There are some differences between the two dogs, and because of this, it is thought that they have a common ancestor and diverged from one another in terms of features.

a basenji with a small child
A Basenji licks the face of a small dog

Both the Dingo and Basenji are Intelligent, Active and Good Companion Dogs

Both the Dingo and Basenji are intelligent, active, and good companion dogs. However, they can be hard to train because they have strong-willed personalities. The Basenji has been compared to a cat in personality.


The Basenji was bred to hunt independently of humans. It has a strong hunting instinct and high prey drive. It is often uninterested in playing fetch with people and prefers games like chasing other animals or running around obstacles.

They are shy with strangers, which makes them poor watchdogs but excellent companions for their families. They are also very vocal dogs that are known for their “yodelling” instead of barking.

Both the Dingo and Basenji Enjoy Running Free

Both the Dingo and Basenji enjoy running free, and are intelligent, independent, energetic, and self-willed. Left on their own devices, both will run off to explore their environment given the chance. They both require a lot of exercise to keep their minds and bodies healthy.

Both dog breeds are also small, slender and agile. They are alert and curious, with a keen nose and high intelligence. The Basenji is also known to be a good swimmer, which may be an inherited trait from its wild relatives.

While these two dogs are similar in many respects, they are also very different in others. The Dingo has a thick coat of fur that comes in many colors and patterns — red, black or tan coats with white markings around the neck, legs and tail can be seen in the Australian Dingo populations today.

The Basenji has a smooth short coat that comes only in tricolours or brindles with white markings. It is important to note here that while it is common for Dingos to have white markings on their coats, they never occur in Basenjis.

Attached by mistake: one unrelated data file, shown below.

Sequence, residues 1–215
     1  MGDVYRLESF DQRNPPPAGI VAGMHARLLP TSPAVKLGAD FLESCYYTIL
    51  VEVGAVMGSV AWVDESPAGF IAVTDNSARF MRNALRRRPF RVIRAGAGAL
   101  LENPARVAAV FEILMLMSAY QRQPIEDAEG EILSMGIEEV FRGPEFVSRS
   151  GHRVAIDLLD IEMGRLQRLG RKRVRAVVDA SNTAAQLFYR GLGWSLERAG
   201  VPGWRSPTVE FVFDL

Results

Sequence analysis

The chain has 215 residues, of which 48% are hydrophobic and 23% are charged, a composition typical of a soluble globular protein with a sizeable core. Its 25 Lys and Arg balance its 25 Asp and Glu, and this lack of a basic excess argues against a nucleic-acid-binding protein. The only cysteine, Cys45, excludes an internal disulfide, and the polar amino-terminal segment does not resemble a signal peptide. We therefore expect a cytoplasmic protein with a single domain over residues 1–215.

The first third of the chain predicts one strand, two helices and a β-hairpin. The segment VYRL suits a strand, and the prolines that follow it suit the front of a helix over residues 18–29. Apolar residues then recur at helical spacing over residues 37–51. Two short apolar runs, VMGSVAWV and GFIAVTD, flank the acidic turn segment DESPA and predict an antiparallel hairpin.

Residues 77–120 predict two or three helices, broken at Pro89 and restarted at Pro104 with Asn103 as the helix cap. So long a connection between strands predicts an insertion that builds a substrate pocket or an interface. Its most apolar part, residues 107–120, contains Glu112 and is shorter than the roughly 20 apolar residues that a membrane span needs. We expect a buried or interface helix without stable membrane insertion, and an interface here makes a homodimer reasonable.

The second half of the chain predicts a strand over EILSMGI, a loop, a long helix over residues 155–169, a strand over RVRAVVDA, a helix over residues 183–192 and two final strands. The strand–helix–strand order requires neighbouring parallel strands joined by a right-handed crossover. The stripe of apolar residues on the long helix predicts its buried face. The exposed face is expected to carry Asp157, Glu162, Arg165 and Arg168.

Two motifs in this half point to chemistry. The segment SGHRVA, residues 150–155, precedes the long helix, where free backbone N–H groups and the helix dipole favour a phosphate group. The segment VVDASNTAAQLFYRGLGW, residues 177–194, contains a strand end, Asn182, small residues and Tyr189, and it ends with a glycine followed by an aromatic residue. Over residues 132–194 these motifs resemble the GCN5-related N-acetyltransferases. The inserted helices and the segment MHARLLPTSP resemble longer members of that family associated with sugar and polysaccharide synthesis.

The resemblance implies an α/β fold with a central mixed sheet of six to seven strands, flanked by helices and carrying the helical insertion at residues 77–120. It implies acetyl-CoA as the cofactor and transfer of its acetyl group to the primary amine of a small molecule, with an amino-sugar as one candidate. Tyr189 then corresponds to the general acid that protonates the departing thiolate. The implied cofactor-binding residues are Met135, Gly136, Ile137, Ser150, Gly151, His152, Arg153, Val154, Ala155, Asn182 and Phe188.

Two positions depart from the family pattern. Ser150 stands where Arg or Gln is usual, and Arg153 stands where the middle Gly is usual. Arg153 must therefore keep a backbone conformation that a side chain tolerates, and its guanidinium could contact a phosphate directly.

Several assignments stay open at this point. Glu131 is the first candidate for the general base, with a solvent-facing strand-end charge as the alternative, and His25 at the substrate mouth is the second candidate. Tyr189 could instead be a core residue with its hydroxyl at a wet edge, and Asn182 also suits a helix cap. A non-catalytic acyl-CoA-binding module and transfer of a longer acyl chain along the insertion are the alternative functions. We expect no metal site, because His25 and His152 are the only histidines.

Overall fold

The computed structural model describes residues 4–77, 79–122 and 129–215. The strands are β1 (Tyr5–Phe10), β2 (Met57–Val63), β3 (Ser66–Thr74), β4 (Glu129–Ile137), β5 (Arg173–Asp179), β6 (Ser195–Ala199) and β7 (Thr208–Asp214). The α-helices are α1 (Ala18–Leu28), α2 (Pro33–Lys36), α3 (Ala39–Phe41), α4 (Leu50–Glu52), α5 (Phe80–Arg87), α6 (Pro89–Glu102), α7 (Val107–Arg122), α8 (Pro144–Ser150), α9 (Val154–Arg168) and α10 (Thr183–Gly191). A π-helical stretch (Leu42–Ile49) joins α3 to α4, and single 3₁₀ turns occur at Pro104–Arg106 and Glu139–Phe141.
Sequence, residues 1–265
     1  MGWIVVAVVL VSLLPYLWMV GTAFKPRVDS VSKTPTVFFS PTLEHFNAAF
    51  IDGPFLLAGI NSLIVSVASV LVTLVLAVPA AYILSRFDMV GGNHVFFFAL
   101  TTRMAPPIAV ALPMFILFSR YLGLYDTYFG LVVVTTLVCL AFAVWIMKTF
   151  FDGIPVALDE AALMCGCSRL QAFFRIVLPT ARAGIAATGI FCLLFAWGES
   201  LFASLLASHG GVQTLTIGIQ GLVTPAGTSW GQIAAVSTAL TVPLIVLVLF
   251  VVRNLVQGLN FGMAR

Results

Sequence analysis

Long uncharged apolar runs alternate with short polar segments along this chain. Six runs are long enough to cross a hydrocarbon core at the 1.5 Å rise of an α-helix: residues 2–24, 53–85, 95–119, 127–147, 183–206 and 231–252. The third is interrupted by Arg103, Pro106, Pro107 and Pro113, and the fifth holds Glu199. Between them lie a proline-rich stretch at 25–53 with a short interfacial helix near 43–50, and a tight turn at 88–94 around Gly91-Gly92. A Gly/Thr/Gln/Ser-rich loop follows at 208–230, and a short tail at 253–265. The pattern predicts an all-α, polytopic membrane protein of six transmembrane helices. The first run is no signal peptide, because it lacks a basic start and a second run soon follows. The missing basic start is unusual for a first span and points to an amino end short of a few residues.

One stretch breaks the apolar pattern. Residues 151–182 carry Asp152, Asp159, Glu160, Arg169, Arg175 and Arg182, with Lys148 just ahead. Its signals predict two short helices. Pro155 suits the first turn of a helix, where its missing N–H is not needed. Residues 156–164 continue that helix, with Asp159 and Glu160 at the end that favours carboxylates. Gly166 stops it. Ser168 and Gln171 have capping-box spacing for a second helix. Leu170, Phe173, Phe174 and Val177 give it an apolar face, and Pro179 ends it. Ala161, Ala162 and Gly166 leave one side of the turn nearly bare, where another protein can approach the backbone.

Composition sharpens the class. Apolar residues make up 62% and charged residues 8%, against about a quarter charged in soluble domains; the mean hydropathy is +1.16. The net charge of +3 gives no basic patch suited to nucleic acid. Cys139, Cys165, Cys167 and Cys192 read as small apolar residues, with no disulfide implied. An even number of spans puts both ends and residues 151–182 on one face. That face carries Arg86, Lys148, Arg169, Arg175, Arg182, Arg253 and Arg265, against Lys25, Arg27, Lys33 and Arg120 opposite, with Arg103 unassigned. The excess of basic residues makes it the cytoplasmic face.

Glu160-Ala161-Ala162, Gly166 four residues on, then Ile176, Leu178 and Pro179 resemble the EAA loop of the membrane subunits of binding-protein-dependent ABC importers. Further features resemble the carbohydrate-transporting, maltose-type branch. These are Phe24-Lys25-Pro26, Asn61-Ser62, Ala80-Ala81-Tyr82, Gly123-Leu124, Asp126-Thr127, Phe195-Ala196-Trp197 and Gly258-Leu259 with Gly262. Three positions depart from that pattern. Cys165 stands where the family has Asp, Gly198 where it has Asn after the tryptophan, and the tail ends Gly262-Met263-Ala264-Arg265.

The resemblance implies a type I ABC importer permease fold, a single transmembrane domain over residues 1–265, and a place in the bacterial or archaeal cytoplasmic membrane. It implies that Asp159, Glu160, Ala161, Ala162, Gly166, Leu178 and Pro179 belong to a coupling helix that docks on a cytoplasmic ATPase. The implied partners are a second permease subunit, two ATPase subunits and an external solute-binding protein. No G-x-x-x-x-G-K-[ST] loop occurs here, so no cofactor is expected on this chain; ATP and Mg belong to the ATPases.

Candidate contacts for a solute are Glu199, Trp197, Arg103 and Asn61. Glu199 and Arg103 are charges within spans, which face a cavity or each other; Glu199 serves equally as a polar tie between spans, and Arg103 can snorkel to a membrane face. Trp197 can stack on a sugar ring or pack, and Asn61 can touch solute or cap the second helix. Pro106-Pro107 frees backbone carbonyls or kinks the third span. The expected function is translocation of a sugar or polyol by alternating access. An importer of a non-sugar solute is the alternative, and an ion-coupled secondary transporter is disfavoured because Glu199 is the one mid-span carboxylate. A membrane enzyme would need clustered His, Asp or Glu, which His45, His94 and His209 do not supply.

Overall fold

a cute basenji with a colorful harness
A cute Basenji with a colorful harness. Good boy!

Dingos and Basenjis Share Some Traits But are also Very Different From One Another

According to the scientists, Dingoes and Basenjis share a few traits, such as their small size and athletic build. Both make great family pets and are known for being alert, curious, and playful. Both dogs also have a slightly rounded skull with erect ears, a curly tail, and a distinctive bark.

However, they are very different from one another in several ways. The Dingo has a double coat that consists of a short undercoat that is covered by longer hairs. Its fur color can range anywhere from sandy to reddish-brown to black with white markings. The Dingo’s tail is bushy.

In contrast, the Basenji is known for its smooth, glossy coat and lack of an undercoat. It comes in colours such as brindle, chestnut red, black-and-tan, black-and-white, tricolor (black with white markings), or pure black. Its tail curls tightly over its back.

While the Dingo is well-adapted to hunting in hot climates where water is scarce, the Basenji does not do so well in temperatures above 75 degrees Fahrenheit because it does not handle heat well.

an owner kisses a tiny Basenji puppy
Kissing an incredibly small Basenji puppy!


So, there you have it. It isn’t 100% clear but genetic evidence seems to point to Basenjis and Dingos being related. We hope that this article has somewhat helped you better understand the relationship between the Dingo and Basenji.